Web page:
COVID-19 brings Māori business in Rarotonga to a standstill

By Mānia Clarke-Mamanu

Although the Cook Islands remains COVID-19 free with negative results from all 275 tests, the countrys' tourism industry has come to a standstill. Te Ao Māori News spoke to Māori frontline business owner, Chantal Napa who has had to shut up shop, following border closures last week.

Rarotonga is a popular tourist snorkelling area, but there's not a person in sight. It's a sign as to why Napa is closing her doors.

Chantal Napa, (Ngāti Porou ki Harataunga) says, “Our income in Concierge, Chantal's Concierge is a hundred percent relied on tourism. We had to spend a month cancelling the next three months of bookings.”

Chantal Napa. Source/File.

The reputable agency were gearing up for the busy season, with 174 bookings for March alone, by holidaymakers keen to experience what the island has to offer - has come to a halt. Chantal Napa continues:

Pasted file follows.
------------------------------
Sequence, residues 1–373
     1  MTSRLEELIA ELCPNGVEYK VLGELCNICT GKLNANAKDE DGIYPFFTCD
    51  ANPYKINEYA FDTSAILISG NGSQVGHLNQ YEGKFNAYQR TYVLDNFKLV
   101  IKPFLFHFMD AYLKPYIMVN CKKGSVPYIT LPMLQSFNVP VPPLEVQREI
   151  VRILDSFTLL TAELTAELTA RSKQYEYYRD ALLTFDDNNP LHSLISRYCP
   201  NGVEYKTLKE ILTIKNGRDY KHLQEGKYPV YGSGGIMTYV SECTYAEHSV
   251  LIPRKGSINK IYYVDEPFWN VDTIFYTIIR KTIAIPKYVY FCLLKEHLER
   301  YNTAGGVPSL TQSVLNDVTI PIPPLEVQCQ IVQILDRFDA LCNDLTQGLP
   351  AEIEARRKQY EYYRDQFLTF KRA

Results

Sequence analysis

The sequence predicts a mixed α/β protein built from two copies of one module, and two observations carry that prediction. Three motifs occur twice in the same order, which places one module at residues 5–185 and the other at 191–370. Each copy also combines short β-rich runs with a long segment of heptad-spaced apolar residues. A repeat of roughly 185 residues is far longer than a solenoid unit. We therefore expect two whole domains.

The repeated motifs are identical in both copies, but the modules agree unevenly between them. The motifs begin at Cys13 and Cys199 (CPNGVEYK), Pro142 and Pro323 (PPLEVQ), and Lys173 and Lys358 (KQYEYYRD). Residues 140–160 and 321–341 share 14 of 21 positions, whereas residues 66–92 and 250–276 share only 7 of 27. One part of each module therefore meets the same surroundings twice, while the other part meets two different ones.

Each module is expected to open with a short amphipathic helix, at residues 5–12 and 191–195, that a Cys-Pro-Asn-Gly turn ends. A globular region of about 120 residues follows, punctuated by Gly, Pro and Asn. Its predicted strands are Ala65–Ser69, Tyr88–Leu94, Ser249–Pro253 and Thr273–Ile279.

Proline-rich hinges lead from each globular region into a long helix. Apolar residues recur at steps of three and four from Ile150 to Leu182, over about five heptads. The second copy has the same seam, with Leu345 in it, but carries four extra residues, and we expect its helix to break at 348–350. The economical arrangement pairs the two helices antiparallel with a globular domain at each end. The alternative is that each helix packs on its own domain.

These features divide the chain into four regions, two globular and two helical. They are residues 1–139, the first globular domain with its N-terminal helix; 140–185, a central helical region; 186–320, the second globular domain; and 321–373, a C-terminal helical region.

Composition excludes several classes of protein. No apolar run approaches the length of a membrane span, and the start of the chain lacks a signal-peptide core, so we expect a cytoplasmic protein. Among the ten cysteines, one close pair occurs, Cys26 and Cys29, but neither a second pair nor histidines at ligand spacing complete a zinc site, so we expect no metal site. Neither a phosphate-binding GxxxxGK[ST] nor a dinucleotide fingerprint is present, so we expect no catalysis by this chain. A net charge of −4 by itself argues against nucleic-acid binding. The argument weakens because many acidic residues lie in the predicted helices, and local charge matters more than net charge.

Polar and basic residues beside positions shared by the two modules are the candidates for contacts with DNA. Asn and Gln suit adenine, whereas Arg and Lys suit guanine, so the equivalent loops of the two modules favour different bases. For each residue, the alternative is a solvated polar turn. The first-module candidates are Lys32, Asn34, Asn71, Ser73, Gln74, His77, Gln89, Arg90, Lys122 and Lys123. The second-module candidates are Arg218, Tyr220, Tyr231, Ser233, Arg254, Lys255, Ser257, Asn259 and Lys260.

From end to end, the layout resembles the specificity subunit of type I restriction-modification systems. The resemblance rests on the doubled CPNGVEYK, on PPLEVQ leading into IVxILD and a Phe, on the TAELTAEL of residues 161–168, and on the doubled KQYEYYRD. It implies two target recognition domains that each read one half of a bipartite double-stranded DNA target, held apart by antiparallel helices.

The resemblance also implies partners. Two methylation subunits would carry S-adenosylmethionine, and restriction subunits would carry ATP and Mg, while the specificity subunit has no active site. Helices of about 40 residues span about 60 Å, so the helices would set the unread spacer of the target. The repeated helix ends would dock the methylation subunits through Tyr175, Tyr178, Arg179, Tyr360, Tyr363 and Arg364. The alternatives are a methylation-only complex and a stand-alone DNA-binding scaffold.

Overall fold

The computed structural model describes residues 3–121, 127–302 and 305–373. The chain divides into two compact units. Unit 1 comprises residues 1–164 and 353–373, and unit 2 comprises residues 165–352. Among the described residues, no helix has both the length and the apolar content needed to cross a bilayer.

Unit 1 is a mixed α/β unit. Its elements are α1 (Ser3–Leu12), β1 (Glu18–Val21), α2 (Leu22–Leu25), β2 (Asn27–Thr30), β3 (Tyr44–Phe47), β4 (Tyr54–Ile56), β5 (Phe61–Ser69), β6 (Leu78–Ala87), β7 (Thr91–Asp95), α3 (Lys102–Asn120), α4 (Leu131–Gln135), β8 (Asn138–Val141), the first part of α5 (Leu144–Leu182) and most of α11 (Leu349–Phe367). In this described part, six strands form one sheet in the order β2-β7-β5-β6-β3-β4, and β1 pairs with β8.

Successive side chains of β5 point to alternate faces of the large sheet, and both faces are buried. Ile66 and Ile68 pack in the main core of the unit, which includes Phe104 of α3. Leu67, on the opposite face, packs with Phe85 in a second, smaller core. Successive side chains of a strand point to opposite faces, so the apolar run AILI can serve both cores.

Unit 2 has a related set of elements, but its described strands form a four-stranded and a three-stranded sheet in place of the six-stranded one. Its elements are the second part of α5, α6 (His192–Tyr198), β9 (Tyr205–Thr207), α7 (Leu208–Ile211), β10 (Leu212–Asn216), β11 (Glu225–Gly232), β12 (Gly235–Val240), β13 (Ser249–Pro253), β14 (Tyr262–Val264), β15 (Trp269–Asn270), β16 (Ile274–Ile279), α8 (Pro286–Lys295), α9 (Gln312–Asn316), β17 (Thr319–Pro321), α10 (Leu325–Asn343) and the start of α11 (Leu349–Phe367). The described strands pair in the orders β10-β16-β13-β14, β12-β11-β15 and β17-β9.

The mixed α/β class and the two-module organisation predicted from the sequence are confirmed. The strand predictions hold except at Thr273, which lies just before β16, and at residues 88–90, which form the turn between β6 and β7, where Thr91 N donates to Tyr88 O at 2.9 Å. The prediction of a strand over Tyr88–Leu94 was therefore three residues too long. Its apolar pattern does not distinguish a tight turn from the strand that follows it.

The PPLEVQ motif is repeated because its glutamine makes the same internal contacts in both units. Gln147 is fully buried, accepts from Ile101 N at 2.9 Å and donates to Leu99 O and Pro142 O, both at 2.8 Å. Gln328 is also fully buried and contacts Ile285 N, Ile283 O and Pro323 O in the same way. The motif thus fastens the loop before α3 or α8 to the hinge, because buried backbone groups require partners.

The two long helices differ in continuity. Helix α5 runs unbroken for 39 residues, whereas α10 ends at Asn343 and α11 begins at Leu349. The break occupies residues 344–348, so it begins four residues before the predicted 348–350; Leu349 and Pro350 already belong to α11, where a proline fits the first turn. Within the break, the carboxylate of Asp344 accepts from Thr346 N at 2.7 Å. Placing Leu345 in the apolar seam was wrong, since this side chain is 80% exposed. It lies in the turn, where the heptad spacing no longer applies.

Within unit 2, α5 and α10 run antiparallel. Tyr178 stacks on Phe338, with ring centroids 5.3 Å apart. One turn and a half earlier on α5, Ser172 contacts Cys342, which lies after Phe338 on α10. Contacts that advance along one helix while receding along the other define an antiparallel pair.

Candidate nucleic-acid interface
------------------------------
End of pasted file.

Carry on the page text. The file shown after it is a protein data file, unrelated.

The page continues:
“To communicate to our important clients about what was happening, what would be happening, what's not happening, especially with their bookings.

“Would they get refunded? Would they not get refunded? Could we postpone? Could we amend?”

This week the Cook Island government released details of its’ $61 million economic package and criteria for businesses to apply for assistance over the next three months. Napa explains how she felt when the announcement was made.

“I wanted to read first, what are we entitled to, what's fair.

“What can I do to help and what can the government do to help so that we can meet together.”

Tourism is the island nations’ main industry generating up to seventy percent of revenue.

Hence the unprecedented move by the government to offer a wage subsidy and unemployment benefit to those laid off due to COVID-19. Napa again shares how her life has changed since the lockdown.

“It's like a reset for us as family, as friends to connect again cause a lot of us are time rich again.

“We're writing letters, we're ringing people, we're checking how they are. Umm, we're going for walks more.”

Chantal and her crew have time to plan how they can improve their service and quality time with whānau, when the borders reopen.